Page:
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Table 1. Main characteristics of the Mediterranean diet (2nd column) and the Mediterranean Renal diet (3rd column). The third column listed changes to adapt Med diet to CKD patients’ needs.
Table 1. Main characteristics of the Mediterranean diet (2nd column) and the Mediterranean Renal diet (3rd column). The third column listed changes to adapt Med diet to CKD patients’ needs.
Mediterranean DietMediterranean Renal Diet
Cereals (bread, wheat, corn, pasta, bread, rice, barley, etc.). 1–2 times a day (preferably whole grain)Daily use—should be consumed at every meal
Olive oilEvery mealRich in oleic acid with antioxidant properties.
Important source of vegetable fats.
Animal fats, like butter or cream, should only be allowed in patients with poor appetite, to increase energy density and to improve food palatability
Dairy2 times a day (preferably low fat)Source of animal protein but also rich in phosphate and salt (hard cheeses in particular). Prefer fresh cheese once every 7–10 days and limit/avoid hard cheese. As regards milk and yogurt, dietitians will evaluate their introduction on the basis of patient’s dietary habits and clinic.
Consider replacing milk with plant-based drink such as rice, oats or almond drink. Parmesan cheese is a hard cheese rich in phosphorus and salt, so just small amounts over pasta should be allowed
Nuts/seeds1–2 times a dayRich in potassium and phosphorus: limited or occasional consumption
Red meat
White meat
<2 times a week
2 times a week
Protein content of “white” or “red” meat is more or less the same.
Pay attention to the serving defined by the dietician and limit its consumption to 1–2 times a week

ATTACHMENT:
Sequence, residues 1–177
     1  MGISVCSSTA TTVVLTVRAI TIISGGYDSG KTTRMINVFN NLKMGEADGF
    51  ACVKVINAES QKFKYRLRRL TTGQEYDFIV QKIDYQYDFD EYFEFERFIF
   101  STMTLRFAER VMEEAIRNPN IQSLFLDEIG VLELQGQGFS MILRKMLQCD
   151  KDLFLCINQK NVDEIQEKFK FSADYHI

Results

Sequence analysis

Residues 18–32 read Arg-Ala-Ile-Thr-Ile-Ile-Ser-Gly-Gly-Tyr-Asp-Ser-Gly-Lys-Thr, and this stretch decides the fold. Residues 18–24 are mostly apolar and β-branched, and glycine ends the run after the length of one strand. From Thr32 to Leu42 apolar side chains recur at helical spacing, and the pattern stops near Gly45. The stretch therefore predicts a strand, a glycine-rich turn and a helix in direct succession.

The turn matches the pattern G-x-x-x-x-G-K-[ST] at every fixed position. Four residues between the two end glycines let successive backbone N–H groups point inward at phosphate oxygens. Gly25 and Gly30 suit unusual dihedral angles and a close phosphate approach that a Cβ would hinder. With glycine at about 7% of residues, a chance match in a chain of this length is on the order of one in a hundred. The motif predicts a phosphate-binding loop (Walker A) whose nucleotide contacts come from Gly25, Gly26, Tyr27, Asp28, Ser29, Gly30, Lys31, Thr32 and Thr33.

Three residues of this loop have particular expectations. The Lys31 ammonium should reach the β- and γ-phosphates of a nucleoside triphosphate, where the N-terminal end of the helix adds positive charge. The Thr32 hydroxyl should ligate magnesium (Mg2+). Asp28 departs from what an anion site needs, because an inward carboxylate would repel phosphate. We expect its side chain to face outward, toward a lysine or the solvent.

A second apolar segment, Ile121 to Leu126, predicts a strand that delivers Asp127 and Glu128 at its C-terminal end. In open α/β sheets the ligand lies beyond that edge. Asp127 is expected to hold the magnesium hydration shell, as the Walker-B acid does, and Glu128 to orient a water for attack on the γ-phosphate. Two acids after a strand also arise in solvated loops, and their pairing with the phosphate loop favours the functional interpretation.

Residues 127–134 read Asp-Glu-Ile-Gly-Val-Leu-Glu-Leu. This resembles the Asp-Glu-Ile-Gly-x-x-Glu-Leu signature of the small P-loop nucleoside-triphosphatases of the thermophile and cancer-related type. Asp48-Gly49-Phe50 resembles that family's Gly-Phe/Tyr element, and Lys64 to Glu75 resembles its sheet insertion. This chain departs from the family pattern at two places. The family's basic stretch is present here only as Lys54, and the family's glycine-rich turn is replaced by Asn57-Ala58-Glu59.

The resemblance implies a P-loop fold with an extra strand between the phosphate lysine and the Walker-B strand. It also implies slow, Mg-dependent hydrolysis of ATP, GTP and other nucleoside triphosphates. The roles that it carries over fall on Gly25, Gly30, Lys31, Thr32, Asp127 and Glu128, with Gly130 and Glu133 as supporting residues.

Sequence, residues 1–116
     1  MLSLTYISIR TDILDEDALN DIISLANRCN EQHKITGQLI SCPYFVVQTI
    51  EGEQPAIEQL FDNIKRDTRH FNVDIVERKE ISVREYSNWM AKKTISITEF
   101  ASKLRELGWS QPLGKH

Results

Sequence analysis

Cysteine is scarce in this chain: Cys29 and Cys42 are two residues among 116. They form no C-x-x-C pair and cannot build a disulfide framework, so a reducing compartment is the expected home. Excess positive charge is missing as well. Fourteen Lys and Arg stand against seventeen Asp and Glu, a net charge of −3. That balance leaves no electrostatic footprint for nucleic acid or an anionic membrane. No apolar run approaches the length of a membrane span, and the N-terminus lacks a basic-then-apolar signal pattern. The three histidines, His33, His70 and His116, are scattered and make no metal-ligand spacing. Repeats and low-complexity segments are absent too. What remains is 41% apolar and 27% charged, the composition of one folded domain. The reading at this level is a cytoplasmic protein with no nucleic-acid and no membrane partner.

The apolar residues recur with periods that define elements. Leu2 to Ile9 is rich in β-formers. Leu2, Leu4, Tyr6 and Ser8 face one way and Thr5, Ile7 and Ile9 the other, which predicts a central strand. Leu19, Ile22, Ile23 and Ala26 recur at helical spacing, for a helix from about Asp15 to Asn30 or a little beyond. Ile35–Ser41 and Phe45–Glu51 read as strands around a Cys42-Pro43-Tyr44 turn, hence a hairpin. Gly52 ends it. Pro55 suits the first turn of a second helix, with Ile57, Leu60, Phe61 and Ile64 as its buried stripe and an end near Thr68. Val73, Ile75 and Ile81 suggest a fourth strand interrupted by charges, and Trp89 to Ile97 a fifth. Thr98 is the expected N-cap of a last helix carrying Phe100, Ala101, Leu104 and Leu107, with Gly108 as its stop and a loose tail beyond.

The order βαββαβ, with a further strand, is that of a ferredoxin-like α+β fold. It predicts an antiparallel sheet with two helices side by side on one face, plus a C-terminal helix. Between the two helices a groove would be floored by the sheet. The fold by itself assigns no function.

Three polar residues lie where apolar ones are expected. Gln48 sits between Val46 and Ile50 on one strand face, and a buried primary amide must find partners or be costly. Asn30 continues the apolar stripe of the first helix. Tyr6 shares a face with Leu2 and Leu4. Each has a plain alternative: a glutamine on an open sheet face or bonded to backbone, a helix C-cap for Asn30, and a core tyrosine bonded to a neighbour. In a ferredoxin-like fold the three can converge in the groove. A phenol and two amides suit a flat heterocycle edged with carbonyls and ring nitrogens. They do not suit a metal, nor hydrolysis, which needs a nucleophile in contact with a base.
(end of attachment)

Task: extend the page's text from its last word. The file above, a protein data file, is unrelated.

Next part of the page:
Processed meat≤Once a weekProcessed meat (sausages, cold cuts) is rich in salt and may potentially contain phosphorus-based preservatives; for these reasons, its consumption should not be recommended
Fish and seafood≥2 a weekFish is preferable to meat
for the good quality of fats but the serving size should be respected to avoid exceeding protein intake. Fish and seafood can be consumed 2–3 times a week
Eggs2–4 a weekYolk is rich in phosphorus; thus, the occasional consumption of whole egg should be considered. Conversely, egg white has very little phosphorus and a large amount of proteins of high biologicalvalue, so more frequent consumption could be suggested
Legumes (beans, chickpeas, peas, lentils, etc.). ≥2 a weekConsumption several times a week should be suggested.
Legumes contain protein of good biological value and should be
used as a substitute for meat, fish, etc., together with
cereals to guarantee the introduction of all essential amino acids.
Recommendations are given regarding their preparation, that is to use legumes after boiling and discarding cooking water.
1–2 a day
≥2 a day
Fruits and vegetables are rich in vitamins, fiber and minerals.
Given the high potassium content their consumption may
require some precautions (e.g., using boiling as cooking method)
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D’Alessandro, C.; Giannese, D.; Panichi, V.; Cupisti, A. Mediterranean Dietary Pattern Adjusted for CKD Patients: The MedRen Diet. Nutrients 2023, 15, 1256.

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D’Alessandro C, Giannese D, Panichi V, Cupisti A. Mediterranean Dietary Pattern Adjusted for CKD Patients: The MedRen Diet. Nutrients. 2023; 15(5):1256.

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D’Alessandro, Claudia, Domenico Giannese, Vincenzo Panichi, and Adamasco Cupisti. 2023. "Mediterranean Dietary Pattern Adjusted for CKD Patients: The MedRen Diet" Nutrients 15, no. 5: 1256.